There’s nothing like a good fight. Or maybe there’s no such thing as a good fight. Honestly, I don’t know how it happens, but how is it that I can get so spun up about something as ridiculous as the setting on the thermostat or the basic instructions to building an IKEA bookshelf? How do I end up on the business end of the cold shoulder? How on earth does this happen?
The world is made of relationships, and relationships are wrought with conflict and friction. They happen everywhere – at work, at home, on the street, in our texting, in our live conversations. Relationships happen everywhere, and conflict does too. Conflict seems like it’s just sort of lurking, waiting for us. All it takes is one poke in the wrong place, and all of a sudden an argument comes rushing out in attitudes and words and hatefulness and unkind actions. It happens all the time, sadly, and most especially with the people who mean the most to us.
So why do we fight so much? I believe it’s because we are constantly asking the people around us one basic question: “Am I loved?” This is a natural and normal question. In fact, we do this without thinking about it. You were born with this implicit question that you ask every day, and you’re asking it right now even if you don’t realize it. Infants, before they even have a cognitive thought, are wondering if they are loved. Even adults who have lived their entire lives to a measure of success are still asking themselves this question. We ask it in a thousand different ways. Am I loved? Am I valuable? Am I interesting? Am I contributing to the world? Am I loved?
We are forever turning to one another to ask and answer this question, and there’s just so much on the line. When your entire identity, value, and worth are at stake in your every interaction, then something as trivial as the setting on the thermostat or the instructions on the IKEA furniture can send you into orbit. You may begin to wonder if he loves you enough—or even at all—if he’s willing to keep the house at a frigid temperature. You begin to question how she could ever respect your intelligence as a human being if she still insists on being the keeper of the instructions and the hammer.
Our understanding of love often seems connected to how others make us feel about ourselves. We naturally gravitate toward people who make us feel good, people who compliment us, people who give us perspectives that we enjoy hearing about ourselves. Anyone who has ever tried to make a friend, be a friend, or keep a friend has used this principle. We naturally gravitate toward people who make us feel good about who we are.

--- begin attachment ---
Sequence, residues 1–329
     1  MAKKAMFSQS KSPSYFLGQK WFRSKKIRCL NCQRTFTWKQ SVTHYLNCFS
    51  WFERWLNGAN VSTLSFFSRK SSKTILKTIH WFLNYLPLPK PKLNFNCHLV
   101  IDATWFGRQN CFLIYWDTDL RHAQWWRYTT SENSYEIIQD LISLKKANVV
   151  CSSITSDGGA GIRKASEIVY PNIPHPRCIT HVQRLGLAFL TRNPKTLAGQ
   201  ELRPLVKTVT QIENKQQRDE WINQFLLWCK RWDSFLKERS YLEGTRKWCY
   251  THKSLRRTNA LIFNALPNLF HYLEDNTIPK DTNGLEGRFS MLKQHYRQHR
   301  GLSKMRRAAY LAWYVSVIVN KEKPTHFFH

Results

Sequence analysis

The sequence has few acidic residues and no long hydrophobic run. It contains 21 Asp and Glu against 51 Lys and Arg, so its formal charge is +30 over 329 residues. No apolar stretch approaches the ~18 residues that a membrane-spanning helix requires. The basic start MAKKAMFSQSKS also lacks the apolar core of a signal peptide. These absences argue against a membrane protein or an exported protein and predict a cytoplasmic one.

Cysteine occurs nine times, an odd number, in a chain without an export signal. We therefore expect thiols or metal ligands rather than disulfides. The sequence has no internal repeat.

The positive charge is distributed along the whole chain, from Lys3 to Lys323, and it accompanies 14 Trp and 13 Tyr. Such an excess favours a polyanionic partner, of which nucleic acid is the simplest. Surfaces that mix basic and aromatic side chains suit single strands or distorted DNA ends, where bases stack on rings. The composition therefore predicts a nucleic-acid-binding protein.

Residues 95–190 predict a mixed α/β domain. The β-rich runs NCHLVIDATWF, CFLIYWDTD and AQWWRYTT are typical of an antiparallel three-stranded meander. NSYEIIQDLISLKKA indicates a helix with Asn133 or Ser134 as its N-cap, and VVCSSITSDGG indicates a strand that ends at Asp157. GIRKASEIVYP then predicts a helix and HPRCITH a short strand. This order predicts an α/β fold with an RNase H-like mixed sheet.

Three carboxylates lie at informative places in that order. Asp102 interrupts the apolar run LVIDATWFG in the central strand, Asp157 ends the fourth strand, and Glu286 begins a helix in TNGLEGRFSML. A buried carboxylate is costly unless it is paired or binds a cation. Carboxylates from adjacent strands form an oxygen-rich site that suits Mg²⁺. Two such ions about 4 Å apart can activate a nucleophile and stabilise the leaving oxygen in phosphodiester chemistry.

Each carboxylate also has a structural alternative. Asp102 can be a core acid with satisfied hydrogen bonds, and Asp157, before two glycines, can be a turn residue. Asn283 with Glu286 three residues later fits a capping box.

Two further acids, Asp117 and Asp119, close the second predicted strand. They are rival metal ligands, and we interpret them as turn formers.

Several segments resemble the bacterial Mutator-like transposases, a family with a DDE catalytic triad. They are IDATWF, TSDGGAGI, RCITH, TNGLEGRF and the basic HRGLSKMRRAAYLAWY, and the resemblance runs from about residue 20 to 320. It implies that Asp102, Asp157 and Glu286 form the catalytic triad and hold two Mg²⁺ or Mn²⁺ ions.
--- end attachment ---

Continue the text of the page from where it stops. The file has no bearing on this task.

When we ask this ever-present question, and when we find positive answers from the people around us, we perceive this as love. Here’s the problem: this isn’t really love. It isn’t even close to love. It’s our egos digging the way we feel. There’s a big difference between love and ego, and if we confuse the two, we find ourselves in a terrible spot.
Don’t take your need for a God-sized love into any other relationship in your life. The relationship will collapse under the burden of this need. It’s far too important of a question to lay in the hands of a friend or neighbor or even a spouse. Perhaps you can’t understand why the relationships in your life keep falling apart. It’s because some of us have the habit of taking our need for a God-sized love into the relationships around us. Those relationships aren’t big enough or strong enough to meet that need.
When you ask if you are loved, the only place you can find a sure and solid answer is from God himself. He’s the only one who will answer that question independent of what you do. He established your identity when he created you, and he established your worth and value when Jesus died for you on the cross. This is the only place where you can get this question answered. If you take this question into your human relationships, you will find it painfully difficult to find an answer at all.
I wish we could answer this question once and for all, but it’s not how we’re made. We ask this question every day. The important part is to ask the right person. If we ask the wrong sources, we’ll only end up with bruised egos and no real answers, over and over again.
God, please give us the courage to bring our greatest question to you. May we hear a resounding yes throughout Scripture, again and again, that we are loved. You have made us, designed us, and created us for this relationship with you. Help us to know this, so that we may move into other relationships where there is pain and conflict and difficulty, that we may love boldly and without condition. And may we be transformed.
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Tricia Lott Williford lives and writes in Denver. She attends Southeast Christian Church in Parker, Colorado, and many of her articles on faith are born from the conversations and teachings of her pastor, Phil Vaughan. You can join the conversation with Southeast’s online services this weekend, and you can give God five minutes today with their simple daily reading plan.